Environmentalists to File Suit Over State Parkland Loan : Development: Group hopes to keep a public agency from helping developers with a $10-million down payment on the acreage.

TIMES STAFF WRITER

An environmental group opposed to the massive Ahmanson Ranch housing project in eastern Ventura County plans to file a lawsuit today to block a state park agency from giving the project's developers a $10-million down payment toward the purchase of parkland.

The Santa Monica Mountains Conservancy, a state agency that purchases parkland in the Santa Monica and Santa Susana mountains, agreed earlier this month to transfer $10 million in public funds to Potomac Investment Associates.

Potomac is a developer working with entertainer Bob Hope, who owns more than 7,000 acres that would be sold to park agencies in the deal.

Although the transfer has not yet taken place, the conservancy agreed to make the down payment after the Ventura County Board of Supervisors commented favorably on the housing project and voted to give it a speedy review.

The supervisors said the combined project was preferable to two initial proposals to build 750 houses and a PGA golf course on the Jordan Ranch in the hills east of Thousand Oaks and 1,850 houses on the nearby Ahmanson Ranch.

The conservancy and a federal park agency have agreed to purchase more than 7,000 acres from Hope for $29.5 million. Ahmanson Land Co. would donate another 3,025 acres to park agencies. The deal is contingent upon the supervisors' approving the project of 2,600 houses, two golf courses and 400,000 square feet of office and commercial space planned for the Ahmanson Ranch.

But Save Open Space, the Agoura Hills-based environmental group opposed to the development, said "the loan of $10 million" violates procedures outlined in the California Environmental Quality Act.

Rosemary Woodlock, an attorney for the group, said the conservancy "is not authorized to make loans to developers." She said there are no safeguards to protect the public funds should the developer go bankrupt.

Furthermore, she said, the conservancy overstepped its bounds by committing funds to the developers when the environmental review of the housing project has yet to be completed. "No entity of the state has the right to make such a decision without an environmental impact report in front of them," she said.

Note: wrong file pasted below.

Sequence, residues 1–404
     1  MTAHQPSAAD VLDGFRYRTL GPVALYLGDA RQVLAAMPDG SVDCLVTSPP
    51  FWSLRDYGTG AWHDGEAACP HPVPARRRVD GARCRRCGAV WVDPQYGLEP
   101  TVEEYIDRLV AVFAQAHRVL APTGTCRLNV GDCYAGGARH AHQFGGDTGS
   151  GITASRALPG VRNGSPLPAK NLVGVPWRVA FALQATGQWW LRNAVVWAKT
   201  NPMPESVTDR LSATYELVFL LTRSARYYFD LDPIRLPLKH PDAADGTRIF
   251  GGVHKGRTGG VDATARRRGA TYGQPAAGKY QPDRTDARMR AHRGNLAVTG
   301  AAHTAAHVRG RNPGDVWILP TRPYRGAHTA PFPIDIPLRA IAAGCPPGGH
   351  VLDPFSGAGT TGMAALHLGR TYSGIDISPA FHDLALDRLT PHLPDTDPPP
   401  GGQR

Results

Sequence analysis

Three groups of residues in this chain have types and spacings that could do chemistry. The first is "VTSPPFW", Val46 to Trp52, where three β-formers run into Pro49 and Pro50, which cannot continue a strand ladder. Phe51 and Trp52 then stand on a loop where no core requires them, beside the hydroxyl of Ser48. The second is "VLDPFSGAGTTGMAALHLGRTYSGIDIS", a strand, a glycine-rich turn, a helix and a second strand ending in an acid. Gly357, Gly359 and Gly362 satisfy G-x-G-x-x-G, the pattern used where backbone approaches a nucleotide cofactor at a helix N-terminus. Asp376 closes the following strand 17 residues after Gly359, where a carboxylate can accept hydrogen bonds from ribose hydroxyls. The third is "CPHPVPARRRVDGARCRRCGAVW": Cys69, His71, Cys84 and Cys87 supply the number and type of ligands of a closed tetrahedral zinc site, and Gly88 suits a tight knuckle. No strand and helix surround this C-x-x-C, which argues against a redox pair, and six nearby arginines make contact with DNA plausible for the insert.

Woodlock said Save Open Space is also concerned that the remaining $19.5 million needed to acquire all of the proposed parkland will come from a state bond issue that has yet to be approved. She said the group is worried that if the bond issue is not approved, the developers will still be able to retain their entitlements.

Conservancy officials could not be reached for comment Monday.

Woodlock said Save Open Space will file a lawsuit against the conservancy today at 1:30 p.m. in Los Angeles Superior Court.

"To prevent any possible damage to the public interest, we are asking the court to issue a temporary restraining order against the conservancy, pending the court's review of this transaction," the group said in a statement.

Supervisor Maria VanderKolk, who proposed the joint venture between the two developers making the large parkland acquisition possible, questioned the validity of the group's legal argument.

"I understand where they're coming from," she said of Save Open Space, a group that was instrumental in helping her get elected last year. "They're doing what they think is right. But I question the validity of it. We'll have to see what the judge says."

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